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Road trip!

July 4, 2007

Hey all!
Honestly, if you have a credit card and a cell phone, it’s pretty damn easy to feel invincible. Well at least if you have a good card company also. But that’s getting ahead of myself. As you may or may not know, I drove from Michigan to California in a Penske rental truck with a guy named Shane last week. Here’s my notes. Dude, take a road trip; it’s great.

We left Milwaukee late afternoon last week sometime (I’ve totally lost track of the days of the week…repeatedly.). Drove through Wisconsin, a bit of Illinois, and all of Iowa. Which basically all looked like…Michigan. Lots of cornfields. A few toll roads. We crossed the Mississippi and the Missouri, neither of which was too exciting, though they were neat milestones. The most interesting thing was that every time we went uphill, the downhill was slightly shorter. Just a little bit, but it was obvious that we were gaining altitude. Spent the night in Omaha at a ghetto little Econo Lodge just off the freeway.

The next day it was the crossing of Nebraska. Now if you look at a map of Nebraska, you notice something interesting. It fades away. The south east corner is full of roads, and they all sort of peter out as you head north and west. We started off in a cornfield that was about two hundred miles long. As we went further from civilization, though, it started to get more desolate in a beautiful sort of way. There were more grasslands and a ridge of hills running along to the north of us. Then we crossed into Colorado and I was in love. Within a few miles of the border suddenly the hills were all around us, with totally unsettled land running away as far as the eye could see. A bit of a rainstorm was blowing in as we got closer to Denver, so it took me a while to notice the mountains. There was a ribbon of purple along the horizon that just seemed to be a raincloud, except that ten minutes later it was the same shape and a little bigger. I spent the next hour transfixed as the Rockies slowly rose out of the horizon, growing taller and more grand as we pulled into Denver. I think I could live in Colorado.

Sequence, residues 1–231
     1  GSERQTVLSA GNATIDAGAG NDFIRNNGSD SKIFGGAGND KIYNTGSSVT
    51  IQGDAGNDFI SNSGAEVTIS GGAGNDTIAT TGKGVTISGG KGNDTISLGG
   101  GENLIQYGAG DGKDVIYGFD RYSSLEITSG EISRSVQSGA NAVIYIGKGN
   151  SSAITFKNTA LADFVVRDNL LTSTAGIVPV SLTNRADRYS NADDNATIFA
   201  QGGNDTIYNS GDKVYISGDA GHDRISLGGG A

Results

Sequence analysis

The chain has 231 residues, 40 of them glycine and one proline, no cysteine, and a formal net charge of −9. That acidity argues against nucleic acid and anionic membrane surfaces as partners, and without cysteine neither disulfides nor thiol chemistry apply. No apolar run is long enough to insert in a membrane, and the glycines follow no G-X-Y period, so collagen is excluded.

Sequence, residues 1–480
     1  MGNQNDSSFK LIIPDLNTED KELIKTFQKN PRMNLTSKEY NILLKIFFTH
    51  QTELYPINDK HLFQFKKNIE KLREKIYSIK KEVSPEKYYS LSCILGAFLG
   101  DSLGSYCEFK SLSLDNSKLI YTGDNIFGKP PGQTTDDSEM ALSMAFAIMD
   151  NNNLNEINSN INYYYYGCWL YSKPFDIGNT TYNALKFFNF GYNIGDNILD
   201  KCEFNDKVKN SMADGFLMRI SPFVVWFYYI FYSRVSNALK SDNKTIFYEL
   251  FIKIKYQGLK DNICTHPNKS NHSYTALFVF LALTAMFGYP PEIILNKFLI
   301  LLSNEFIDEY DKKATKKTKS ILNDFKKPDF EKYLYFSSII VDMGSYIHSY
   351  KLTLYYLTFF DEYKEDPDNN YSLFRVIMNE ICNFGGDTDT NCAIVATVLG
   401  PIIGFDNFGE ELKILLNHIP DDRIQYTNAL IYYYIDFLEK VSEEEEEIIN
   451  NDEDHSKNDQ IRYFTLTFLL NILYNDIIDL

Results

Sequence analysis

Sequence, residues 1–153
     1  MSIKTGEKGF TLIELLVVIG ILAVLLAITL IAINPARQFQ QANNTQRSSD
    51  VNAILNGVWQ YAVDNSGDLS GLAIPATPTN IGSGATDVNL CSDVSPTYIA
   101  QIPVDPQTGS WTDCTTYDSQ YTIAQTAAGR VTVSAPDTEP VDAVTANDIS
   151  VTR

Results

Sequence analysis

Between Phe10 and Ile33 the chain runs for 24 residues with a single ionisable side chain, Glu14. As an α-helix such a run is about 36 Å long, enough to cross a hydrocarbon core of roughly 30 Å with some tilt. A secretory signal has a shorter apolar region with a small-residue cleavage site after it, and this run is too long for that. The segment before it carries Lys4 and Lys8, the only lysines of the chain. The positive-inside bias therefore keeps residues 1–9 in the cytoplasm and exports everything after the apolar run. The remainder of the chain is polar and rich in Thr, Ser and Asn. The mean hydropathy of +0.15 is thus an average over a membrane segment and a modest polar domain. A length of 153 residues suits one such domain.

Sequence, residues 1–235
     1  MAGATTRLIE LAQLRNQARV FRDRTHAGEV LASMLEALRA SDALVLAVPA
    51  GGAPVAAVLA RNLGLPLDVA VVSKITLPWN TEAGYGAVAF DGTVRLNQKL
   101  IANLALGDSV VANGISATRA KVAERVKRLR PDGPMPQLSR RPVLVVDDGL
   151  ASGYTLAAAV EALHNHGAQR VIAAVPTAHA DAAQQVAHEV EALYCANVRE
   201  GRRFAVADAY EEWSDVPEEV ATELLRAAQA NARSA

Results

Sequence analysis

Denver itself contained another adventure. I had been paying for gas, but halfway through that day my card started getting denied. Called the card company when we got into the hotel (a REALLY ghetto Days Inn) and it turns out someone’s been using my card. O.O I was about to panic when they got through to me that it was all alright. All the charges that weren’t me had been denied. They’d issue me a new card at my new address in a few days. Turns out American Express rocks, because the new card was at my door when I got here yesterday.

Heading out of Denver it was more mountains, crawling right around the road. We went south, to avoid the steepest slopes, but it’s impossible to avoid them completely. One gas stop put us right up in them, and I hope the pictures turn out well. As we drove south the green got less verdant and the mountains slipped away. By the time we hit New Mexico it was rolling grassland again, with small mountains/large hills off in the distance now and again. The hills began taking on a flat top appearance, which was pretty nifty. There was some pretty excellent lightening at one point, right over the top of some of the mesas right in front of us. Then on to the hotel in Albuquerque, a word which I can spell now. The hotel this time was a Roadway Inn, and once again we successfully snuck in the guinea pigs without paying the pet fee. (Why isn’t “snuck” the correct past tense? “sneaked” sounds so dumb.)